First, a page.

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I read in one of the VMware KB articles that snapshots will directly affect VM performance.

But my team keeps asking me how snapshots can affect performance.

I would like to give them solid reason behind the statement the snapshots are performance killers.

Can anyone explain a little bit theory about how snapshots are actually affecting the performance? Is it just because Disk I/O rate of hard disk would be slow?

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When you create a snapshot, the original disk image is "frozen" in a consistent state, and all write accesses from then on will go to a new differential image. Even worse, as explained here and here, the differential image has the form of a change log, that records every change made to a file since the snapshot was taken. This means, that read accesses would have to read not only one file, but also all difference data (the original data plus every change made to the original data). The number increases even more when you cascade snapshots.

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    Best explanation. You are not only doubling IOPS, but there is CPU overhead in calculating the block-level difference. – Aaron Copley Sep 20 '12 at 14:55
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    After reading this article linked by Aaron Copley (kb.vmware.com/selfservice/microsites/…) it seem worse than that. A Snapshot is not a differential image, it's a change log, so if you write the same data on the same place 10 times, the snapshot will increase it's size by 10 multiplied the size of data you wrote. Instead a differential image should be more efficient because it should overwrite the data rewritten at the same location. – Max Sep 25 '12 at 7:18
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    @zespri The problem affects all virtualization platforms using this kind of snapshot technology, including Hyper-V. – Ansgar Wiechers Nov 8 '13 at 13:37
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    This is plain wrong. See @Falcon Momot's comment for the correct answer. Even the linked article just states the disk "can run out of space" which is clear when the space left before taking a snapshot is smaller than the snapshotted disk and the deltadisk does not have enought space to expand. – Daniel Sep 19 '17 at 20:03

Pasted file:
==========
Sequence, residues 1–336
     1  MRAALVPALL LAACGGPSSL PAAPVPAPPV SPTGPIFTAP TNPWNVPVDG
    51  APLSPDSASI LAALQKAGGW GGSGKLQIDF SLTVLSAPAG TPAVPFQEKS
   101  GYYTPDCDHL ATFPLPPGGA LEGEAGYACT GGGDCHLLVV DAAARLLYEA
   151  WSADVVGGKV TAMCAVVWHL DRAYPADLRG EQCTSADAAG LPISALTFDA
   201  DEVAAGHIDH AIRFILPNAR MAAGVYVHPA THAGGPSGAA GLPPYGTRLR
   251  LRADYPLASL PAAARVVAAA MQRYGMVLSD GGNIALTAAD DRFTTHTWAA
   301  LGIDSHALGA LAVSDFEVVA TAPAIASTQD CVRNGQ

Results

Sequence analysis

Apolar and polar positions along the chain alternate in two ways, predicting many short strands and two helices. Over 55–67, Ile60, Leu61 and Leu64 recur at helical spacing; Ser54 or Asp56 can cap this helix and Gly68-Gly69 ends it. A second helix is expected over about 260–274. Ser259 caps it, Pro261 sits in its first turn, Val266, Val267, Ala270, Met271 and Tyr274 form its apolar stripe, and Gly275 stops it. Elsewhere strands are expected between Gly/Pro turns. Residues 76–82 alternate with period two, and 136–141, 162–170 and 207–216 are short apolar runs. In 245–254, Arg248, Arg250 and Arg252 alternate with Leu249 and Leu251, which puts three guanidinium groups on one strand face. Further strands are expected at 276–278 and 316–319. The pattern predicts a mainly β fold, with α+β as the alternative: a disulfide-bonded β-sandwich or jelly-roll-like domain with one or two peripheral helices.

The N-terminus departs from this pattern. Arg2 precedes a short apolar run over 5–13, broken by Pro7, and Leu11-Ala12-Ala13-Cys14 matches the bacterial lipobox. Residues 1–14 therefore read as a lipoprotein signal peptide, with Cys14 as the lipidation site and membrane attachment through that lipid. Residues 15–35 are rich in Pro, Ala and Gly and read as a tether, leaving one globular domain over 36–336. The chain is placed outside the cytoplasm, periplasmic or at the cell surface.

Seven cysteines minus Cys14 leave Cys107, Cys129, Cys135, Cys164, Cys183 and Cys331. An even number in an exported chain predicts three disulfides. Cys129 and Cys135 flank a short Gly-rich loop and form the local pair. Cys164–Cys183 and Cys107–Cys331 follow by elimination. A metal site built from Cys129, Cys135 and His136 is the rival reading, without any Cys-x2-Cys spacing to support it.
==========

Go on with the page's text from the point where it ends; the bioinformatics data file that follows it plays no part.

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    @AnsgarWiechers This answer is definitely wrong. The linked article (kb.vmware.com/s/article/1015180) states; "The child disk, which is created with a snapshot, is a sparse disk. Sparse disks employ the copy-on-write (COW) mechanism, in which the virtual disk contains no data in places, until copied there by a write." Followed by; "If a virtual machine is running off of a snapshot, it is making changes to a child or sparse disk. The more write operations made to this disk, the larger it grows, to an upper limit of the size of the base disk plus a small amount of overhead." – Steve365 Jan 3 '18 at 14:51
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When you create a snapshot on a VM this creates a Delta Disk and the operating system writes to this file instead of the original VMDK. This file is called VM_Name-Delta.VMDK but if the system needs to refers to a file before the snapshot it will refers to VM_Name.VMDK increasing the I/O of this operation. If you take multiple snapshots you are referring to the last delta file of the last snapshot not the original VMDK thus increasing I/O.

Example.

OS ---> Snapshot (File A Created) ---> (Snapshot File B Created)

If I need to refer to File A it will be looking through 3 VMDK's to find this.

Also if you include the memory state of the VM at the time of snapshotting this creates a this again is a delta file and refers to the original memory files if needed.

A file is created this lists all the files created at the time of the snapshot process

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As far as I can tell, VMWare is using copy-on-write logic to implement their snapshots. Therefore, when you create one, every operation done on your VM (eg. almost everything in runtime) would cause a little bit of the VM to be copied until the whole thing was essentially cloned.

Another performance issue with this is that reads would have to cascade to the original copy if the working copy doesn't yet have data (because nothing changed to cause a copy).

If you want to have the snapshots as a backup but can't tolerate a small performance decrease, consider cloning the VM instead.

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From High co-stop (%CSTP) values seen during virtual machine snapshot activities:

As the size and number of snapshots on a virtual machine increase, so does the number of storage command operations within vmkernel. For each storage command issued by the virtual machine guest OS, multiple storage command operations may be necessary to traverse the entire snapshot chain to read the most appropriate block of data.

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